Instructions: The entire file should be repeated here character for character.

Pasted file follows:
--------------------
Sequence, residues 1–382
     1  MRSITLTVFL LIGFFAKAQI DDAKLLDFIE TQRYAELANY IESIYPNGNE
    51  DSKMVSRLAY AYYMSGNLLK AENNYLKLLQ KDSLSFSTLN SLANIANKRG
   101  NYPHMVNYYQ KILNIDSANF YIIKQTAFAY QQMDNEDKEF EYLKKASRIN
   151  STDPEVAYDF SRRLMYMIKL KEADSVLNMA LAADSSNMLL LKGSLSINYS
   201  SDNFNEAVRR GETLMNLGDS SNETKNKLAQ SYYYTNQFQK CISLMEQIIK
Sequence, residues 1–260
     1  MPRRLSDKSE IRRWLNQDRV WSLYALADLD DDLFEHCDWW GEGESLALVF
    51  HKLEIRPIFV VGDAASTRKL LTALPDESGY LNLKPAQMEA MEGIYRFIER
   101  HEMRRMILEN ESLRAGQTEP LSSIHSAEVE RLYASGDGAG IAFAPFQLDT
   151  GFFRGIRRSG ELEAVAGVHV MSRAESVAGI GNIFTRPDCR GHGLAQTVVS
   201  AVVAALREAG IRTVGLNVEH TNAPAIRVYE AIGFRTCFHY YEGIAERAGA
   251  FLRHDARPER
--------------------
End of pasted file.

Sequence, residues 1–382
     1  MRSITLTVFL LIGFFAKAQI DDAKLLDFIE TQRYAELANY IESIYPNGNE
    51  DSKMVSRLAY AYYMSGNLLK AENNYLKLLQ KDSLSFSTLN SLANIANKRG
   101  NYPHMVNYYQ KILNIDSANF YIIKQTAFAY QQMDNEDKEF EYLKKASRIN
   151  STDPEVAYDF SRRLMYMIKL KEADSVLNMA LAADSSNMLL LKGSLSINYS
   201  SDNFNEAVRR GETLMNLGDS SNETKNKLAQ SYYYTNQFQK CISLMEQIIK
Sequence, residues 1–260
     1  MPRRLSDKSE IRRWLNQDRV WSLYALADLD DDLFEHCDWW GEGESLALVF
    51  HKLEIRPIFV VGDAASTRKL LTALPDESGY LNLKPAQMEA MEGIYRFIER
   101  HEMRRMILEN ESLRAGQTEP LSSIHSAEVE RLYASGDGAG IAFAPFQLDT
   151  GFFRGIRRSG ELEAVAGVHV MSRAESVAGI GNIFTRPDCR GHGLAQTVVS
   201  AVVAALREAG IRTVGLNVEH TNAPAIRVYE AIGFRTCFHY YEGIAERAGA
   251  FLRHDARPER